An energetic debate is needed but backers of wind energy need to face truth

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OUR electricity supply is in a perilous state with engineers regularly warning that the safety margin between supply and demand is critical.

Coal and gas power plants are deliberately being closed to meet legally-binding commitments to reduce CO2 emissions under the UK Climate Change Act.

Other nations have merely promised to reduce emissions but perversely burn fossil fuels.

The government is secretly planning to phase out the use of gas, for both cooking and heating our homes, to reduce emissions.

The “2050 Pathways Analysis” report from the Department of Energy and Climate Change (DECC) proposes a wholesale switch from gas to wind electricity.

Where will this extra electricity come from?

There are 16 million homes connected to the gas grid so the extra electricity needed will require an additional 55,000 wind turbines costing £500 billion – this cost will end up on energy bills.

This insane DECC plan must be challenged by politicians and unions since it will result in mass unemployment for the hundreds-of-thousands who work in the gas-related industries and those who manufacture and install cookers and central heating.

There is unlimited wealth beneath our feet in the form of shale gas so let’s not listen to the green zealots and push the self-destruct button.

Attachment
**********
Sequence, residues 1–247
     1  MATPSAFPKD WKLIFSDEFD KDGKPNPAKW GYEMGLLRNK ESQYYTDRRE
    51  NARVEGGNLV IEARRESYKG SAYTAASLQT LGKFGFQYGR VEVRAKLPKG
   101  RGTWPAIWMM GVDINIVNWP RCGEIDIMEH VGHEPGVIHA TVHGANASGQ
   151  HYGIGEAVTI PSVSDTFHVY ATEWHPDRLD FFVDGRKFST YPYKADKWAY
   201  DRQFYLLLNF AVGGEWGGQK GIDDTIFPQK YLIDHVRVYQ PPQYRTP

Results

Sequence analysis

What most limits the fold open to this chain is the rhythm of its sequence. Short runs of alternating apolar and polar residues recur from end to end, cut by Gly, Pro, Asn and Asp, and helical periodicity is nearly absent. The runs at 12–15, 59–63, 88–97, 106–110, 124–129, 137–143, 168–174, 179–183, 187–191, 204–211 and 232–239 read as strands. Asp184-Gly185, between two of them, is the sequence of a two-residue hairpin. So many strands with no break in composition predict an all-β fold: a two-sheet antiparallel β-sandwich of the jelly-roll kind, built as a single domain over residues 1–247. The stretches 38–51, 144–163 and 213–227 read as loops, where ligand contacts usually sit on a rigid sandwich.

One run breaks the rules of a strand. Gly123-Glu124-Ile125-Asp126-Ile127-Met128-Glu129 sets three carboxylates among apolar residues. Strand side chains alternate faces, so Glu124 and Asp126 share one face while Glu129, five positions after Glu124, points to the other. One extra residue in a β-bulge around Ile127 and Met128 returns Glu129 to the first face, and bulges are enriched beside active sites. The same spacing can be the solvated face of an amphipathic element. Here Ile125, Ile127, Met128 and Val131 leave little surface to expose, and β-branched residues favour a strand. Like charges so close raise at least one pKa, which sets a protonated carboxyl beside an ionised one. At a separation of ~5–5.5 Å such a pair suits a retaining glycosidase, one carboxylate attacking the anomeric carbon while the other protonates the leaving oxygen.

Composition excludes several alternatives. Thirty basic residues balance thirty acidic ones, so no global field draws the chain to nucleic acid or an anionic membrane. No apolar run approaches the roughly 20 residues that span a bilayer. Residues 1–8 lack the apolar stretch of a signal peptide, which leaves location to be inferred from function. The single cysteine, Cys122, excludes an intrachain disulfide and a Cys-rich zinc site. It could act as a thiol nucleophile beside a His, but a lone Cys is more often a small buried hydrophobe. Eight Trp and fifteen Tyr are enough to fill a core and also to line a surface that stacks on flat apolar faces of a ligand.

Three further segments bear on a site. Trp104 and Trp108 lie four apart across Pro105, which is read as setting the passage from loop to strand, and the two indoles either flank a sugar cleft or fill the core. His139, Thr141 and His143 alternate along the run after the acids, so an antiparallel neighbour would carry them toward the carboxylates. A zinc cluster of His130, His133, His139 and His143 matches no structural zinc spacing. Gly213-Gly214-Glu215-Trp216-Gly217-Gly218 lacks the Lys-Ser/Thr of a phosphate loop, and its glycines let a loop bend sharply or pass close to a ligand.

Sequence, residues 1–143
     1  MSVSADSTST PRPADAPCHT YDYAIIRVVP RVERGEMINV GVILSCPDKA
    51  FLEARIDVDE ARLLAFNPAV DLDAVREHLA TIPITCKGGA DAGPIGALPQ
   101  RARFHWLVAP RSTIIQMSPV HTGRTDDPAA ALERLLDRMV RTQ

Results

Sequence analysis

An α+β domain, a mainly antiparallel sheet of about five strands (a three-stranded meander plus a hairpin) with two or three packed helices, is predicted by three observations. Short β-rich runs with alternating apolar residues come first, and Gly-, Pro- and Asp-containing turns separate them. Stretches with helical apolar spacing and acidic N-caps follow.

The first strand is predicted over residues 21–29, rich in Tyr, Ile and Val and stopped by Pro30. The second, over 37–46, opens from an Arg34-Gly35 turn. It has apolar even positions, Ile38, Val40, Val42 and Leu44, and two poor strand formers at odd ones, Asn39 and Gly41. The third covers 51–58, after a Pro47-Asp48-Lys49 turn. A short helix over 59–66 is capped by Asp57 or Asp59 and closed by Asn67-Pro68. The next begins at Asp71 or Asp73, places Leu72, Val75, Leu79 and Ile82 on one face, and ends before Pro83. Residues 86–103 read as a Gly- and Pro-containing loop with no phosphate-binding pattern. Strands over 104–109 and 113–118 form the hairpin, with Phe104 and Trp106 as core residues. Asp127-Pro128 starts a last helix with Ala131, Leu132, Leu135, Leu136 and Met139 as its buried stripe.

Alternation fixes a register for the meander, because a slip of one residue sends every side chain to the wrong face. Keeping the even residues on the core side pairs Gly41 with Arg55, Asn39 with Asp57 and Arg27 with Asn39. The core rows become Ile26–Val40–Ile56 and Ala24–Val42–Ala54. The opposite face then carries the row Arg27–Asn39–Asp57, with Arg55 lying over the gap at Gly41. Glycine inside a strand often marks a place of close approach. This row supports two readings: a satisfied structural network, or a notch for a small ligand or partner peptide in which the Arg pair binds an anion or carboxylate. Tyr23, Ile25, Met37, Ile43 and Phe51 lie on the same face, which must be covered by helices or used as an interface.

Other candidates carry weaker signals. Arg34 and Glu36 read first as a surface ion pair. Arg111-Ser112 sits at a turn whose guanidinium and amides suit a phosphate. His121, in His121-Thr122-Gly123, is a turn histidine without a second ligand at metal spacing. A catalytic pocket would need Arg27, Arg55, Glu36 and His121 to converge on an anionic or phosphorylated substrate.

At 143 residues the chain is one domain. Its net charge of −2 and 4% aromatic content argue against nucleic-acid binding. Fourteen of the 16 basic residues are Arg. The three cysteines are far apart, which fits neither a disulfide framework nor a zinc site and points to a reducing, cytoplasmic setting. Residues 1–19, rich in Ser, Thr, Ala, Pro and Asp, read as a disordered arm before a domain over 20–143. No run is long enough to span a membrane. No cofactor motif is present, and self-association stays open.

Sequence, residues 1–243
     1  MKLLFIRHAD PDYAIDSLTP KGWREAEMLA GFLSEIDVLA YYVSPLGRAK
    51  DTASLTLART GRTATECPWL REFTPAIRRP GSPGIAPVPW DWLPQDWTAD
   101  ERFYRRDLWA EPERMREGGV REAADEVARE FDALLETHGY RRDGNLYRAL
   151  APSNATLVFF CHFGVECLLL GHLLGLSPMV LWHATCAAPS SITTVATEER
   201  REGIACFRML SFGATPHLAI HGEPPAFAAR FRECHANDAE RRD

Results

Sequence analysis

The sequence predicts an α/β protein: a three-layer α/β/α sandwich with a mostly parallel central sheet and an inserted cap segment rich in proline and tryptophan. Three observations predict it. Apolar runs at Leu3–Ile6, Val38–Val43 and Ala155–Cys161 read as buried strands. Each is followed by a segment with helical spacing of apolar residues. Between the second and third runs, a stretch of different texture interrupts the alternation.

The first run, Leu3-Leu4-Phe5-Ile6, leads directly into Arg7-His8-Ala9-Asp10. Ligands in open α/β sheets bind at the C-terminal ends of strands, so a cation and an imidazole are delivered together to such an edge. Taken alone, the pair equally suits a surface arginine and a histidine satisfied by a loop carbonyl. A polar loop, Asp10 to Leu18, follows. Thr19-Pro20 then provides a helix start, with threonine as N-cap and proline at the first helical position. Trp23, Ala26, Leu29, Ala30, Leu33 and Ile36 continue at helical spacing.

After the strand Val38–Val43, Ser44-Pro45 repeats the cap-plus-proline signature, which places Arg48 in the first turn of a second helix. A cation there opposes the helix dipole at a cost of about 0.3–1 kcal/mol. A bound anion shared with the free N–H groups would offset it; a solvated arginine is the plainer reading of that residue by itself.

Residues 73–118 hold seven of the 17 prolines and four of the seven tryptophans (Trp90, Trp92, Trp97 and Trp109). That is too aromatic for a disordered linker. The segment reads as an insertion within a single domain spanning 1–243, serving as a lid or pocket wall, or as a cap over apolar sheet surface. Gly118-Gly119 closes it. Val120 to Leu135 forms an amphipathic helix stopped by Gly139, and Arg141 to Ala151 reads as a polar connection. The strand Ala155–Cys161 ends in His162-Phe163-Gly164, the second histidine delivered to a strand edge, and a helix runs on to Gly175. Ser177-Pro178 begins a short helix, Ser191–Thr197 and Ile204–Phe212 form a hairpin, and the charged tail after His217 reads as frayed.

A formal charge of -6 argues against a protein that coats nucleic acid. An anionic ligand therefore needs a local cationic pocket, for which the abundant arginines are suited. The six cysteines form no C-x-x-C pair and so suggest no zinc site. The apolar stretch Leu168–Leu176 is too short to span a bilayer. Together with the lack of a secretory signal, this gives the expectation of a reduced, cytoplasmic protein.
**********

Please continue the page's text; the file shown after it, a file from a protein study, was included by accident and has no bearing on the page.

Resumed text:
Clark Cross

Springfield Road, Linlithgow

You claim that last month, wind power provided half of Scotland’s “energy” needs (8 February).

In fact in seems to have provided half of Scotland’s electricity demand (not all energy is in the form of electricity) and all of the domestic electricity demand on 22 days.

Of course that means that on nine days it did not meet domestic demand and on some days it may have met none of Scotland’s overall demand.

Electricity from wind is all very well, if one doesn’t mind the damage to the landscape (and seascape) and the cost to consumers in higher bills, but when the wind drops, demand must be met from some thermal generation, of which there will not be enough in Scotland after Longannet and Boddam close, followed by Hunterston B and Torness.

By putting its trust in renewables, the Scottish Government puts our very necessary electricity supply at risk.

Steuart Campbell

Dovecot Loan, Edinburgh

I must point out that your headline “Wind power provides half of Scotland’s energy needs” (8 February) is totally misleading, it not being the first time that such a gross misrepresentation of the facts is given prominence.

In the article, although that claim is repeated in the first paragraph, it is eventually admitted that what the data actually shows is that wind turbines supplied “48 per cent of Scotland’s total electricity consumption”.

I should not need to point out that electricity is not the only form of energy.

John Milne

Ardgowan Drive, Uddingston